Sunday, April 17, 2016

Slavery is the New Bacon

“We can barely decide whether or not bacon will cause health problems year over year, let alone the more complicated issues like politics and race.”
Matthew T De Goes (screen capture).
“Some people just don’t want a bad person invited to a tech conference, even if their talk was picked by a blind committee, they are peaceful, they reject any type of violence, and they don’t pose a safety threat.”
Personal Thoughts on the LambdaConf Controversy.

The committee was  blind to any favour or discrimination. How can anyone object to our objectivity? The blindfold came off for a bit though and the LambdaConf committee found out some stuff:
“Are these views racist and sexist? Absolutely, since they don’t admit the possibility that, for example, an asian female with no background in computer science might do a better job at “governance” than any white male software engineer. Are these views endorsed by LambdaConf or held by any staff members? Hell, no!”
LambdaConf-Yarvin Controversy: Call for Feedback.

Having a blind submission process, getting people to sign up to a Code of Conduct and conducting a conference held purely on beliefs is a good ideal to aim at. It’s possible that this could’ve worked for LambdaConf.

In contrast though, the LambdaConf organisers went looking into the background of the speaker, emailed other speakers and held a vote and wrote a few blog posts. It shows a lack of confidence in that processes while undermining it at the same time. Maybe a more fully featured open review process would’ve been better.

Blind reviews do nothing for inclusion or diversity and reinforce existing discrimination: “Does double-blind review benefit female authors?” and “Understanding current causes of women’s underrepresentation in science”. It's like waving the checkered flag at the end of a Formula 1 wondering why only rich people are finishing.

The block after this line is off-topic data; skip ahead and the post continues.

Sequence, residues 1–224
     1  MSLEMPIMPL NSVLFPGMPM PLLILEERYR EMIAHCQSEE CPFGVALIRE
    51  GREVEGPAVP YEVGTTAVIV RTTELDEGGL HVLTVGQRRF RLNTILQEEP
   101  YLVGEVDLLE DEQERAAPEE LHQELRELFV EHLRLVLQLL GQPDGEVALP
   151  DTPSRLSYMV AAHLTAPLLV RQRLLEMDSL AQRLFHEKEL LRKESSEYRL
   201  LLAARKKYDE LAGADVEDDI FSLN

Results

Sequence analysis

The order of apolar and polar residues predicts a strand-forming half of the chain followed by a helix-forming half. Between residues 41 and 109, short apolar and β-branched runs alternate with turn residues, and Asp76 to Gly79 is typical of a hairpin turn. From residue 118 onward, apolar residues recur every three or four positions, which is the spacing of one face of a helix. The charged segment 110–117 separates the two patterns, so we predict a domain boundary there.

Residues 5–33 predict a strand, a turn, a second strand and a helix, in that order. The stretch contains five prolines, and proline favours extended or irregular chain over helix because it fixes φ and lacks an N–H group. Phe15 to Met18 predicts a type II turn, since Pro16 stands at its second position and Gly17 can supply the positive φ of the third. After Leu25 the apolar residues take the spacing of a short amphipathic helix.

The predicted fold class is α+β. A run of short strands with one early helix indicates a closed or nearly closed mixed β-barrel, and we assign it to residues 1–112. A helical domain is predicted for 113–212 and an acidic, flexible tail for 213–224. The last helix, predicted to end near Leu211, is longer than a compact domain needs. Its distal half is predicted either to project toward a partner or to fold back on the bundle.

The contradiction of LambdaConf is having a conference that touts its diversity and at the same time inviting someone who is against including certain groups of people. Is Yarvin really the best guy for the job — is he even trying? No.  He just doubled down and justified his views.

In that post, he makes it clear that Yarvin and Moldbug are the same person while saying the exact opposite. He’s saying, if you can’t tell the difference between the two, especially after thousands of words, it is you that has the problem not him. Don’t be confused, he’s blaming you — he’s not coming peacefully.

He says he’s not racist but Moldbug might be (and another). He talks about Carlyle, fascism (“no such thing as too much truth, too much justice, or too much order”), people as property (“we agree that he can sell himself into slavery”), and race is intelligence (“current results in human biodiversity”). It’s a regressive set of ideas — even in its own time:
“The alternative to markets was not socialism. There were socialist experiments, but there were no socialist economies. The alternative to market organization was slavery.”
150 Years and Still Dismal!

The purpose of conference is for networking and to learn. It’s a place where people are going to teach children, and single mothers, parents, and anyone else who comes a long. This will make a difference.

The situation is that attendees will be able to see right through his poor disguise. It makes him a terrible teacher and the conference a poorer place at which to learn. The existence of a speaker, publicised in such a way reduces attendees ability to perform — hurting who you’re trying to help.

Bacon is not good for you and there is no slippery slope. You pick who comes to your conference dependent on the size of the out-group you want to create. Racism and slavery is socially engineered injustice — you’re denying people’s humanity and in that way it reduces us all.
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